Can you get ureaplasma from kissing?

Although ureaplasma can pass through oral sex, it is not known to be transmitted by kissing. This is because the organism can live in the throat, but generally not in the mouth. Ureaplasma also cannot be transmitted on surfaces, such as door handles or toilet seats.

Can a man give a woman ureaplasma?

Ureaplasma can pass from one sexual partner to another, regardless of the genders of the two partners. However, it’s actually more likely to pass from a man to a woman than from a woman to a man. (In fact, the same is true of most STDs.) This is why women sometimes tell us, “I have ureaplasma but my boyfriend doesn’t.” Ureaplasma can more easily be transmitted by a male than by a female.

Can you get ureaplasma without being sexually active?

The most common way that ureaplasma is transmitted is through sexual contact. However, there are also nonsexual ways that ureaplasma can be transmitted. One of these is from a pregnant mother to her baby. The baby may acquire the bacteria in utero or during the process of vaginal birth.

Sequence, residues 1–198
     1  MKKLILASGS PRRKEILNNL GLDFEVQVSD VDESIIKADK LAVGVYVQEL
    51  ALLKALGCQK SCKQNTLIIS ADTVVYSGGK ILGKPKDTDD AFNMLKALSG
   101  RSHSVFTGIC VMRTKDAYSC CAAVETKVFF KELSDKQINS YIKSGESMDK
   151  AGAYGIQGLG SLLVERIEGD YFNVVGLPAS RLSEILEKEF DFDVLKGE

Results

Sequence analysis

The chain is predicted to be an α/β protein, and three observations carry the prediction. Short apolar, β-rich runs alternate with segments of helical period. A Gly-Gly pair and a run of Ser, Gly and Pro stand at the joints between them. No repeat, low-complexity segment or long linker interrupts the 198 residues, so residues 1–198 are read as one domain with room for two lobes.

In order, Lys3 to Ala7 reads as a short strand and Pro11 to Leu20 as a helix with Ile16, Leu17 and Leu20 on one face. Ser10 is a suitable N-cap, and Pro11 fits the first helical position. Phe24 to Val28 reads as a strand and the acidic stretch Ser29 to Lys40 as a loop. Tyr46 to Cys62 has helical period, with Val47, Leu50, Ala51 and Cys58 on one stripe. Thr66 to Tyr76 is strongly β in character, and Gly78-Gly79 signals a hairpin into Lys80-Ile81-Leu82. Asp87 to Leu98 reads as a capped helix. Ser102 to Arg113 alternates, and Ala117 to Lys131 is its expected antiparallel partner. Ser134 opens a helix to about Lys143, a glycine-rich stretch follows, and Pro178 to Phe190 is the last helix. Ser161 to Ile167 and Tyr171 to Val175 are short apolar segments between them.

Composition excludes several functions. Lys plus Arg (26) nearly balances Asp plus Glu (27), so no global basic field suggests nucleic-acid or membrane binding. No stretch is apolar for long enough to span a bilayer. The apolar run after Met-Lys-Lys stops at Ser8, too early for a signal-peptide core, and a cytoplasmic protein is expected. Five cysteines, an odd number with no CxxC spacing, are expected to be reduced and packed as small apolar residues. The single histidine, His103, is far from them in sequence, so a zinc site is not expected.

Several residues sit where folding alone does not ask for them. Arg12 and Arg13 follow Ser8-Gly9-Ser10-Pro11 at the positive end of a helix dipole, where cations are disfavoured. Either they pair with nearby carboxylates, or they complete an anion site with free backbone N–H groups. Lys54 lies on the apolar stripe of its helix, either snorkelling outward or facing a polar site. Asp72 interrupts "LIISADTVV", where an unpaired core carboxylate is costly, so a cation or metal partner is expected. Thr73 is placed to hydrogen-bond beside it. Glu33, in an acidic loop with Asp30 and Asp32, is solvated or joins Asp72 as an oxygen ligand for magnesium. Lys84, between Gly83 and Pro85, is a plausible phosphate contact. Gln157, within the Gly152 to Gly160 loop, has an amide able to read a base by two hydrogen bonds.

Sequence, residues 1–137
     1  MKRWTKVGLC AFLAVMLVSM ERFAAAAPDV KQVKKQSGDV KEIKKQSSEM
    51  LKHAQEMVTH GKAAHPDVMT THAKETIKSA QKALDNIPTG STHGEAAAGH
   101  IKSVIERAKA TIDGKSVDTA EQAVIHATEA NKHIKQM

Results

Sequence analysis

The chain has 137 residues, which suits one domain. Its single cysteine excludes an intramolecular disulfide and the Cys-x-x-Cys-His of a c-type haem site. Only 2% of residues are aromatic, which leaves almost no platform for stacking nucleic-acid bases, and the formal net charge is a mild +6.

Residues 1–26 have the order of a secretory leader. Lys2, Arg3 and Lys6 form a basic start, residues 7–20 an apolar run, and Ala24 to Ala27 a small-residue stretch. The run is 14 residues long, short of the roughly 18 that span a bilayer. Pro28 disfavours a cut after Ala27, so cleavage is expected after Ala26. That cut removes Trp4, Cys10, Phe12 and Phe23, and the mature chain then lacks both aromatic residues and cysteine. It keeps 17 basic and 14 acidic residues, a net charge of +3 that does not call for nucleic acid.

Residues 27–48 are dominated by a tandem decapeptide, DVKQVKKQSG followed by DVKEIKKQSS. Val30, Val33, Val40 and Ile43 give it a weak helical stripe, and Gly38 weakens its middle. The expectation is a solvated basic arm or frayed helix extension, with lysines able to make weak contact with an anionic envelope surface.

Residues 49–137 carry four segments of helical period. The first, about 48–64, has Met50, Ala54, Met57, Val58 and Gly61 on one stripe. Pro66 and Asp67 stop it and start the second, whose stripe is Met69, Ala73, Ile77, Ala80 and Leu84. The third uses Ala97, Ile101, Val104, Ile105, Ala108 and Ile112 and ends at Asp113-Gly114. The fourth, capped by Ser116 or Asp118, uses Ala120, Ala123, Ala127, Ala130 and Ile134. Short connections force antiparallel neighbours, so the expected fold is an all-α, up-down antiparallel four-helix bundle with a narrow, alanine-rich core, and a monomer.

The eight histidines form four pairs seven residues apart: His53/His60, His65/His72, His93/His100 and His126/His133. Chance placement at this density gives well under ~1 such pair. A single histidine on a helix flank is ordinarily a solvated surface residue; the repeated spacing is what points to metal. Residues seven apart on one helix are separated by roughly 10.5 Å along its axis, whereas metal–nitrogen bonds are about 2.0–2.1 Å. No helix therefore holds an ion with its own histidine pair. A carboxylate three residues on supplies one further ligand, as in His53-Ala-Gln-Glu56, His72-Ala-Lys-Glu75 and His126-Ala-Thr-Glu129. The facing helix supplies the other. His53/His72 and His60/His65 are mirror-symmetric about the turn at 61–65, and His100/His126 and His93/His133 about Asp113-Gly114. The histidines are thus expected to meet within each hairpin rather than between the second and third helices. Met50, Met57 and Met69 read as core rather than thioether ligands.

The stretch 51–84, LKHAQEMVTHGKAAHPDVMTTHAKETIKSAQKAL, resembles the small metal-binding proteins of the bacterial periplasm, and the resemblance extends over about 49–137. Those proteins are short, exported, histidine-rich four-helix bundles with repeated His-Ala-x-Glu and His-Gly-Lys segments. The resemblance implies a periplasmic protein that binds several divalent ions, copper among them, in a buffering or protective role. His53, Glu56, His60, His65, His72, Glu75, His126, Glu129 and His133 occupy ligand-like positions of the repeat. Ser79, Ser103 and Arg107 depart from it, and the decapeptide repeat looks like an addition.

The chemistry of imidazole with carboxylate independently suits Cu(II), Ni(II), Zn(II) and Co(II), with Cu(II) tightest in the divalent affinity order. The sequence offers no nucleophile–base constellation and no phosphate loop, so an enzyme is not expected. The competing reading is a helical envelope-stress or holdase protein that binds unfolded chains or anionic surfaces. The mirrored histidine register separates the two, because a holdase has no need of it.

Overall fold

There have been cases of ureaplasma detected in the genital tracts of people who have never been sexually active, which indicates that nonsexual transmission is possible. It may be that these people got the infection when they were babies, and then carried it for many years. However, researchers are investigating the possibility of other nonsexual ways that ureaplasma might be transmitted. 

How long does it take for ureaplasma symptoms to show?

It’s very common for ureaplasma infection to cause no symptoms at all. If the bacteria are living in balance with the other normal bacteria of the genital tract, then they will not cause problems. If they do overgrow and cause symptoms, this will generally take about two to three weeks to become apparent.

Even if you have had ureaplasma for a long time with no symptoms, it’s possible for the bacteria to later grow out of balance and start causing problems. Just because you only recently started to notice symptoms of ureaplasma, this doesn’t necessarily mean that you have only recently gotten infected with it. You may have had it for a long time and never known.

How long can ureaplasma go undetected?